In practice, in order to release any kind of content as an open resource, it is sufficient to clearly indicate the name of the license somewhere on or in the work itself (e. g. on the first page of a book or in the credits of a video).

The users must also have access to the detailed conditions of the license, but this does not have to be included in the work: it is admissible to merely put a reference or link to the complete statement of conditions.

Note that open licenses grant users a permanent right that cannot be revoked by the creator. However, creators may release new versions under a different license.


The six CC Licenses

The Creative Commons Foundation offers a choice of six different licenses. We present them here in turn, starting with the more restrictive CC licenses, the so-called “Non- Derivative CC Licenses”.




The CC Attribution Non-Derivative License allows users to redistribute the materials, commercially or not, but only “verbatim”, i. e. without any modification.


The CC Attribution Non-Derivative Non-Commercial License allows users to redistribute the materials, but only non-commercially and “verbatim”, i. e. without any modification.


As the name indicates, the Non-Derivatives CC Licenses do not grant users the right to redistribute modified materials. Correspondingly, they cannot be used for Open Educational Resources in UNESCO’s sense. However, they can be used, among other things, for open access publications.
Many people (the Free Software Foundation, for instance) argue that CC Non-Derivative Licenses are suited for opinion pieces or materials with a high personal content. In order to defend an opinion and spread it widely, it makes sense to allow free redistribution. To avoid any confusion as to who says what, however, protecting the content by allowing only verbatim copies is a good option. It is true that all CC licenses require modifications to be indicated clearly; redistributed materials should not give the impression that the original author endorses the modified work. Still: simply forbidding derivatives is an even safer way of preventing wrong attributions.


The CC Attribution License allows users to modify the material and redistribute the modified version, commercially or not.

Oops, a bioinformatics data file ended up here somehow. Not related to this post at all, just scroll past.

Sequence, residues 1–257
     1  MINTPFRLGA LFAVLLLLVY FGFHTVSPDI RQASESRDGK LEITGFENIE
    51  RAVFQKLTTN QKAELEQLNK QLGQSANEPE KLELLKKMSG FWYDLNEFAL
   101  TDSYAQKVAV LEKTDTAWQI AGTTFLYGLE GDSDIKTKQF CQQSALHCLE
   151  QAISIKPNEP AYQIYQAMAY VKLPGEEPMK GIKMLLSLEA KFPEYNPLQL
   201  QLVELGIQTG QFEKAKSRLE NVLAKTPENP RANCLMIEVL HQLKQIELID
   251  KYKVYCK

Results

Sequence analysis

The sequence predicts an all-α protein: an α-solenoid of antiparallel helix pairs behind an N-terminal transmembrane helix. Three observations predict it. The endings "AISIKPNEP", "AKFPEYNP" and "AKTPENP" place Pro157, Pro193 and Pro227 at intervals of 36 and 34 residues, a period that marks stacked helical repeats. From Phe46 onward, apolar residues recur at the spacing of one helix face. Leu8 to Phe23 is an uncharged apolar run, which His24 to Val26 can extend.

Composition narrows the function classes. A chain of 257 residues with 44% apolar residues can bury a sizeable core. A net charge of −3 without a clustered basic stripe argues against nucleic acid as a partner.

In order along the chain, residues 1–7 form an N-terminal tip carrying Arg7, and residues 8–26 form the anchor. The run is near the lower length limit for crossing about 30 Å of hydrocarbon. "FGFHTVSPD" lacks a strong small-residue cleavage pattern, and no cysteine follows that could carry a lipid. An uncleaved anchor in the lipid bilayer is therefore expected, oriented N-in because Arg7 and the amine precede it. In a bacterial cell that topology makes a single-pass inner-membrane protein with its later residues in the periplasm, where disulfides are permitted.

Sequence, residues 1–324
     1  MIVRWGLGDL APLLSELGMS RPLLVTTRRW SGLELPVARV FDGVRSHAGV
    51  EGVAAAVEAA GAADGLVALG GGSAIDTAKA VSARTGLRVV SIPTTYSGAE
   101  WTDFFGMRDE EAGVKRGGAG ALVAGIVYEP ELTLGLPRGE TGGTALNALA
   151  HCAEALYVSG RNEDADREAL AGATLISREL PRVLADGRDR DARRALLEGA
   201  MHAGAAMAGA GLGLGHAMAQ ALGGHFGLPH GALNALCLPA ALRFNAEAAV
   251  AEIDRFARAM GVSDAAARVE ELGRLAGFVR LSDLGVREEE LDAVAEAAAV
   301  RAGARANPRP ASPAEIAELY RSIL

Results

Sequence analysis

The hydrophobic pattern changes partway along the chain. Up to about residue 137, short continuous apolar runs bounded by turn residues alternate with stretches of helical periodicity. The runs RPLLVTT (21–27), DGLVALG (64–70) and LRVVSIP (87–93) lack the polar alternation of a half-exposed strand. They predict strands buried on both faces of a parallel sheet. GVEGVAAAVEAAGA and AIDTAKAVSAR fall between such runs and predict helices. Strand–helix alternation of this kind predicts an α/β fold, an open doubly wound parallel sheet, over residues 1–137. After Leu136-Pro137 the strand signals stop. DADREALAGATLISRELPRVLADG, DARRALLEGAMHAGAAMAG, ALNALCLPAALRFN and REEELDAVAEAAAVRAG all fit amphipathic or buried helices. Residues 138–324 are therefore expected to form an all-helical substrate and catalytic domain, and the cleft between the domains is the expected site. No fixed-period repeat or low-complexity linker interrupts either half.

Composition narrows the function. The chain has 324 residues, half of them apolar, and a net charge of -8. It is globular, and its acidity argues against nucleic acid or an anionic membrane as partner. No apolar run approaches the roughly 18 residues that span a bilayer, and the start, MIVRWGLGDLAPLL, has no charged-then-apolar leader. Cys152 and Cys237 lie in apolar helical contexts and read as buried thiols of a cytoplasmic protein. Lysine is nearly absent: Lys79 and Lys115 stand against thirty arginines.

This is the most open (in UNESCO’s sense) of the CC licenses. Note that with this license people may sell the original work for a profit with no royalties owed to the original creator: for instance, a publication on the internet under a CC BY license may be prepared as PDF booklets or an e-book and sold on online bookstores (to prevent this, CC BY-NC should be chosen: see below). Moreover, people who modify the original work to a sufficient degree have the right to copyright the modified version (to prevent this, CC BY-SA should be chosen: see below). When opting for this license, it is important to make sure one is comfortable with both these possibilities.


The CC Attribution Non-Commercial License allows users modify the material and redistribute the modified version, but only non-commercially.


See the observations above.


The CC Attribution Share-Alike License allows users to modify the material, redistribute the modified version, commercially or not, but only if the modified materials are released under the same license.


The advantage of share-alike licenses is that the original creator can benefit from any later modification made to their original work. For instance, when translators release a translation under such a license, they ensure that they can later integrate any improvement or correction. Many free software licenses, such as the GNU Public License, implement the share-alike principle. The idea behind this is that society may benefit from many programmers sharing their improvements to a given codebase – this could not happen if they weren’t obliged to disclose the changes they made to the original work.


The CC Attribution Share-Alike Non-Commercial License allows users to modify the material and redistribute the modified version, but only if the modified materials are redistributed non-commercially and released under the same license.